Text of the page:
And how we move at the Harvey World Herald is being very uncomfortably honest and telling people, [for example], I know for a fact, we’re not the ones who told you that because Harvey Police Department isn’t talking to the media, that we’re not going to write stories about gun violence in Harvey. I know that wasn’t us. I know somebody at a TV news station in Chicago did it to you. It wasn’t us, but I know that there’s harm, and now that we’re here, we need to work on repairing that harm even if we weren’t responsible for it. Again, this goes back to the trauma and emotional pain behind being maligned by the media, policy, and politicians.
So there’s a deep empathy that drives the work that we do with the Harvey World Herald. There’s a huge commitment to being very uncomfortably honest about the mistakes others have made. And it also means being uncomfortably honest about the mistakes that we’ve made. I’ll cop to it that just this week, we had a headline go out that someone said, “You know what, this is kind of misleading,” and I look back at it, and I bit the bullet as the person who wrote the headline. I bit the bullet and said, “You know what, it really is.” And I changed it, and we’re going back to the drawing board on some additional reporting around that, as we’ve just gotten some new information about it. It changed the course of the reporting. So I think being very conscious about developing newsroom values that can serve as a guiding course is important in doing the work we’re doing at Harvey.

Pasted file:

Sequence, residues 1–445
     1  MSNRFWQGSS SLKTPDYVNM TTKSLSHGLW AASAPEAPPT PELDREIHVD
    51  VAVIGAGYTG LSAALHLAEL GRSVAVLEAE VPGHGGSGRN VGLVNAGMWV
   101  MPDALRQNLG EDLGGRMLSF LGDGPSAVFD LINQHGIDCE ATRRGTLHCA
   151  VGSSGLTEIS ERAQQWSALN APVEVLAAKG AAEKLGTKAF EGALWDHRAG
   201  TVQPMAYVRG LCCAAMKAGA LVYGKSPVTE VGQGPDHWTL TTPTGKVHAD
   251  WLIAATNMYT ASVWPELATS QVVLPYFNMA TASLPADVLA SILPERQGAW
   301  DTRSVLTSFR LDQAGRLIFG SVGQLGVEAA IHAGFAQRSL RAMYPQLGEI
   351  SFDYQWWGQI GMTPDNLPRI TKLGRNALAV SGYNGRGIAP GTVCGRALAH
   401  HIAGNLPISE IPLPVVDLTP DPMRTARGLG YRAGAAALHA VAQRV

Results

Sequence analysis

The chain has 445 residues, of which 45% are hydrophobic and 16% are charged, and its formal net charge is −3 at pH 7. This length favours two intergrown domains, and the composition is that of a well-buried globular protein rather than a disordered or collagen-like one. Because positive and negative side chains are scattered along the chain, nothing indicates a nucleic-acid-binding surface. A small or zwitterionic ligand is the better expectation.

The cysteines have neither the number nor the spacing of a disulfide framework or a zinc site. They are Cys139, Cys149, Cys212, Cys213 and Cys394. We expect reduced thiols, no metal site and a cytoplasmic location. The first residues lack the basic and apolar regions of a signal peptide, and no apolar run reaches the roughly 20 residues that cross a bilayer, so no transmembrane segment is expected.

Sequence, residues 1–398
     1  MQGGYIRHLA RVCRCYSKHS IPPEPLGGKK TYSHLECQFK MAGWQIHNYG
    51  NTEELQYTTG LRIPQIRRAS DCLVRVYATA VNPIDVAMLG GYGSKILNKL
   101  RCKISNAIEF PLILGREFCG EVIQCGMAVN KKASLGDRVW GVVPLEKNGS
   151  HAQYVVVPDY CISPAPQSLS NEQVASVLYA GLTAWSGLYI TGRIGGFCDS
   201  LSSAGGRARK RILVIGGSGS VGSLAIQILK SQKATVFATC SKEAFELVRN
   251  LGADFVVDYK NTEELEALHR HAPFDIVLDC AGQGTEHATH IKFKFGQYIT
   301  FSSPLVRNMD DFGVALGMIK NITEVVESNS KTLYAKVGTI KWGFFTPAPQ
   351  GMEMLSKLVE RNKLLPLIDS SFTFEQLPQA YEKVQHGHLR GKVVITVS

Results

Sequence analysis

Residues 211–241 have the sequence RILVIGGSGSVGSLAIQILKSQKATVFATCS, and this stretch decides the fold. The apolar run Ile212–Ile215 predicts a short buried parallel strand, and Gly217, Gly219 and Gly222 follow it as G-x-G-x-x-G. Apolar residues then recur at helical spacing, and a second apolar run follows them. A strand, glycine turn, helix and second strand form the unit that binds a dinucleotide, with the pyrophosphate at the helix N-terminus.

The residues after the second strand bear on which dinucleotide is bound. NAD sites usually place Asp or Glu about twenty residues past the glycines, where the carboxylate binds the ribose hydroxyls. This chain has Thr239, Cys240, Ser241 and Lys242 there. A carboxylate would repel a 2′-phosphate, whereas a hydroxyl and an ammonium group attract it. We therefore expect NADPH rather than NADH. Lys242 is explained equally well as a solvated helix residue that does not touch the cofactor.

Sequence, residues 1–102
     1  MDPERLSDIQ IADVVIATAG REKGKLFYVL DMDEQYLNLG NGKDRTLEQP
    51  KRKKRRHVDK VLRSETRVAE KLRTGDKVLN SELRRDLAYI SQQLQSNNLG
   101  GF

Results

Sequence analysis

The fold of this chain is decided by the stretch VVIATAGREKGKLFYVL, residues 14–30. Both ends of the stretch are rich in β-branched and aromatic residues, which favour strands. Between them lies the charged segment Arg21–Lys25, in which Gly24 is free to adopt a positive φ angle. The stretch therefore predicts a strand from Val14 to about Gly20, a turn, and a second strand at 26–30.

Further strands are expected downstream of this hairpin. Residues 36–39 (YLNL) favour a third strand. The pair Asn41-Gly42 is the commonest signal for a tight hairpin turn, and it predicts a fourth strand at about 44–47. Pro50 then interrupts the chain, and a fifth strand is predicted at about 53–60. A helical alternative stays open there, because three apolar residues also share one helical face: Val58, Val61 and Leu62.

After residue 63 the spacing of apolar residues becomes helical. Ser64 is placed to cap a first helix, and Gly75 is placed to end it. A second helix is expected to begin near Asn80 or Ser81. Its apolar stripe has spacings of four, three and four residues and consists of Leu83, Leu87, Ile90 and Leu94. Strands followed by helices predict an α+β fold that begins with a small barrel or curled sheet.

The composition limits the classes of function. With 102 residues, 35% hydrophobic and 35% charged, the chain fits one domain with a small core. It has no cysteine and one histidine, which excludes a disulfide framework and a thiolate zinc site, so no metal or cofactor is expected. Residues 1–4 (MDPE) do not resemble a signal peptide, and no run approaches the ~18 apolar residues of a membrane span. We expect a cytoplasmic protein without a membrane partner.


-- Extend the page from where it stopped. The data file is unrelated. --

PN: Touching on the generational trauma that you discussed, that’s so rampant. I’m a clinical psychology student, so we talk about stuff like this all the time, and it makes me happy to hear that you approach it with empathy, care, and consideration for the trauma that is and still is occurring. I think more newsrooms should adopt that, to be honest. So we would get more honest storytelling and a better reflection of what the community looks like.